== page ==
• Thomas Hobbes, Leviathan (1651), Chap. 1: Of Sense
  • It is because we are predominantly purposeful beings that we are perpetually correcting our immediate sensations. But men are free not to be utilitarianly purposeful. They can sometimes be artists, for example. In which case they may like to accept the immediate sensation uncorrected, because it happens to be beautiful.
    • Aldous Huxley, “One and Many,” Do What You Will (1928), p. 11
  • People are plagued by their senses if they act without restraint to attain their desires. ... If one is dragged along as the victim of his natural five senses, his adversities wax like the moon in the bright fortnight.
  • A chariot, king, is a person's body:
    The soul is the driver, the senses his horses;
    Undistracted by his fine horses a driver
    Who is skilled rides happily, if they are trained.
  • Senses out of control suffice to bring one to grief, as untrained and disobedient horses bring a driver to grief on the road. A fool who, guided by his senses, sees profit arising from the unprofitable and the unprofitable from profit mistakes misery for happiness.
  • When the mind maintains awareness, yet does not mingle with the senses, nor the senses with sense impressions, then self-awareness blossoms.
  • Certain good qualities are like the senses; those who lack them can neither appreciate nor understand them.
  • The gentleman knows that whatever is imperfect and unrefined does not deserve praise. ... He makes his eyes not want to see what is not right, makes his ears not want to hear what is not right, makes his mouth not want to speak what is not right, and makes his heart not want to deliberate over what is not right. ... For this reason, power and profit cannot sway him, the masses cannot shift him, and nothing in the world can shake him.
    • Xun Zi, An Exhortation to Learning, in Readings in Classical Chinese Philosophy (2001), p. 260

Hoyt's New Cyclopedia Of Practical Quotations

Quotes reported in Hoyt's New Cyclopedia Of Practical Quotations (1922), p. 697-98.
  • I am almost frightened out of my seven senses.
  • Take care of the sense and the sounds will take care of themselves.
  • He had used the word in its Pickwickian sense … he had merely considered him a humbug in a Pickwickian point of view.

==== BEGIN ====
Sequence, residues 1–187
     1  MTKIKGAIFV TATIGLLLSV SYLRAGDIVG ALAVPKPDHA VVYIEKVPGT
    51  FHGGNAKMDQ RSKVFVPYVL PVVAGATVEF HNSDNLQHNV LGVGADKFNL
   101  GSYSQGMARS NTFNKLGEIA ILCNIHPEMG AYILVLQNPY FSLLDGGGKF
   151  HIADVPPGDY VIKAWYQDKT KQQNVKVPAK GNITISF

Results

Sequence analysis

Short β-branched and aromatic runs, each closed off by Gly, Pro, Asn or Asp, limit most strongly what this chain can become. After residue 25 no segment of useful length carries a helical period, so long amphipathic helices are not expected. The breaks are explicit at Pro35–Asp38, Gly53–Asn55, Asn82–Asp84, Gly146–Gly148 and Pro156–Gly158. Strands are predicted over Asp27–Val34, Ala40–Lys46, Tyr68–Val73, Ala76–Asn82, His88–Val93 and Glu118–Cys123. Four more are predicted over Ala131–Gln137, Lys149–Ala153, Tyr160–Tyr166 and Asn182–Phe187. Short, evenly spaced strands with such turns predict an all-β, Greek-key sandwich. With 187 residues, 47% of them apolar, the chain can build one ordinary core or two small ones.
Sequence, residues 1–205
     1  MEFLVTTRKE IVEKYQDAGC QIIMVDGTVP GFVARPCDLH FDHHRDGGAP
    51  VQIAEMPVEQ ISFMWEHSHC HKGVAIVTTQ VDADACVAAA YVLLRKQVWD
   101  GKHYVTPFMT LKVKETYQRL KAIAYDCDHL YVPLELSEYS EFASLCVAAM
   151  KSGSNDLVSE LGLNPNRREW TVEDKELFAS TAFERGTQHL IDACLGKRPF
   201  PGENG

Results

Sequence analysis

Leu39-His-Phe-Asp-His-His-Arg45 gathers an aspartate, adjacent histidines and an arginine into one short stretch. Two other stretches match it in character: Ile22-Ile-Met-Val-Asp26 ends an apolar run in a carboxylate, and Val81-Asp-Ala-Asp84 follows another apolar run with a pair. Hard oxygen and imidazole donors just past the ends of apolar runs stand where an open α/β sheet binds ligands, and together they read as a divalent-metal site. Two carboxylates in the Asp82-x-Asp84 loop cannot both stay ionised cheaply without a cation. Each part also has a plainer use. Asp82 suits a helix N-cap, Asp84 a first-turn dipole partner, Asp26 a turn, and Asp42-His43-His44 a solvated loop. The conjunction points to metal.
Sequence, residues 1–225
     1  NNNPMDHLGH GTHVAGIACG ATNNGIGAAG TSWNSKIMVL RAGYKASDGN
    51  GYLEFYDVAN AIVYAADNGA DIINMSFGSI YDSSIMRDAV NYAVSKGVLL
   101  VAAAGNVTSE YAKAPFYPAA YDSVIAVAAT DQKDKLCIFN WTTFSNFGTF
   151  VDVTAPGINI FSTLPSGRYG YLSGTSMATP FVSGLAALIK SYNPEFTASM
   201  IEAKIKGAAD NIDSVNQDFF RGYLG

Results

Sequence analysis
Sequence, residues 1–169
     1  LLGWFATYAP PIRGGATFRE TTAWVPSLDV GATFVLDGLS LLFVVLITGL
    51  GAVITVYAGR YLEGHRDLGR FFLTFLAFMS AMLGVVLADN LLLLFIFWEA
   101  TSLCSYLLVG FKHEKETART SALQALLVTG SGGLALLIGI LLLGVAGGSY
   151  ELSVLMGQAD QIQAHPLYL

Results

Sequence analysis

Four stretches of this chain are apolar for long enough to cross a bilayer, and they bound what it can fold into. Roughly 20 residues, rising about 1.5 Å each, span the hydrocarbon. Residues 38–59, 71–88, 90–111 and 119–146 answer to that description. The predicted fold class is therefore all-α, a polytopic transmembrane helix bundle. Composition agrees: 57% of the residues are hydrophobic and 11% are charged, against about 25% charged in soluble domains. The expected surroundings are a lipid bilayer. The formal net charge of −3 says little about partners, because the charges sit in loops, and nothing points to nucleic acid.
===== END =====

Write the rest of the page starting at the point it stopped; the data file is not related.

• Charles Dickens, Pickwick Papers (1836), Chapter I. The quarrel in the Pickwick Club is a literal paraphrase of a scene in the House of Commons during a debate, April 17, 1823, when Brougham and Canning quarreled over an accusation which was decided should be taken as political, not personal.
  • Him of the western dome, whose weighty sense
    Flows in fit words and heavenly eloquence.
    • John Dryden, Absalom and Achitophel (1681), Part I, line 868.
  • They received the use of the five operations of the Lord and in the sixth place he imparted them understanding, and in the seventh speech, an interpreter of the cogitations thereof.
    • Ecclesiasticus, XVII. 5.
  • Be sober, and to doubt prepense,
    These are the sinews of good sense.
  • Rarus enim ferme sensus communis in illa
    • Generally common sense is rare in that (higher) rank.
    • Juvenal, Satires (early 2nd century), VIII. 73.
  • If Poverty is the Mother of Crimes, want of Sense is the Father.
    • Jean de La Bruyère, The Characters or Manners of the Present Age (1688), Volume II, Chapter II.
  • Entre le bon sens et le bon goût il y a la différence de la cause à son effet.
    • Between good sense and good taste there is the difference between cause and effect.
    • Jean de La Bruyère, Les Caractères, XII.
  • Il n'est rien d'inutile aux personnes de sens.
  • Whate'er in her Horizon doth appear,
    She is one Orb of Sense, all Eye, all aiery Ear.
  • What thin partitions sense from thought divide.
    • Alexander Pope, An Essay on Man (1733-34), Epistle I, line 226. And thin partitions do their bounds divide. Dryden—Absalom and Achitophel.
  • Good sense which only is the gift of Heaven,
    And though no science, fairly worth the seven.
  • 'Tis use alone that sanctifies expense
    And splendor borrows all her rays from sense.
  • Fool, 'tis in vain from wit to wit to roam:
    Know, sense, like charity, begins at home.
  • Oft has good nature been the fool's defence,
    And honest meaning gilded want of sense.
  • Huzzaed out of my seven senses.
    • Spectator, No. 616. Nov. 5, 1774.
  • Le sens commun n'est pas si commun.
    • Common sense is not so common.
    • Voltaire, Philosophical Dictionary, Self Love.
  • Sense is our helmet, wit is but the plume;
    The plume exposes, 'tis our helmet saves.
    Sense is the diamond, weighty, solid, sound;
    When cut by wit, it casts a brighter beam;
    Yet, wit apart, it is a diamond still.
    • Edward Young, Night Thoughts (1742-1745), Night VIII, line 1,254.

See also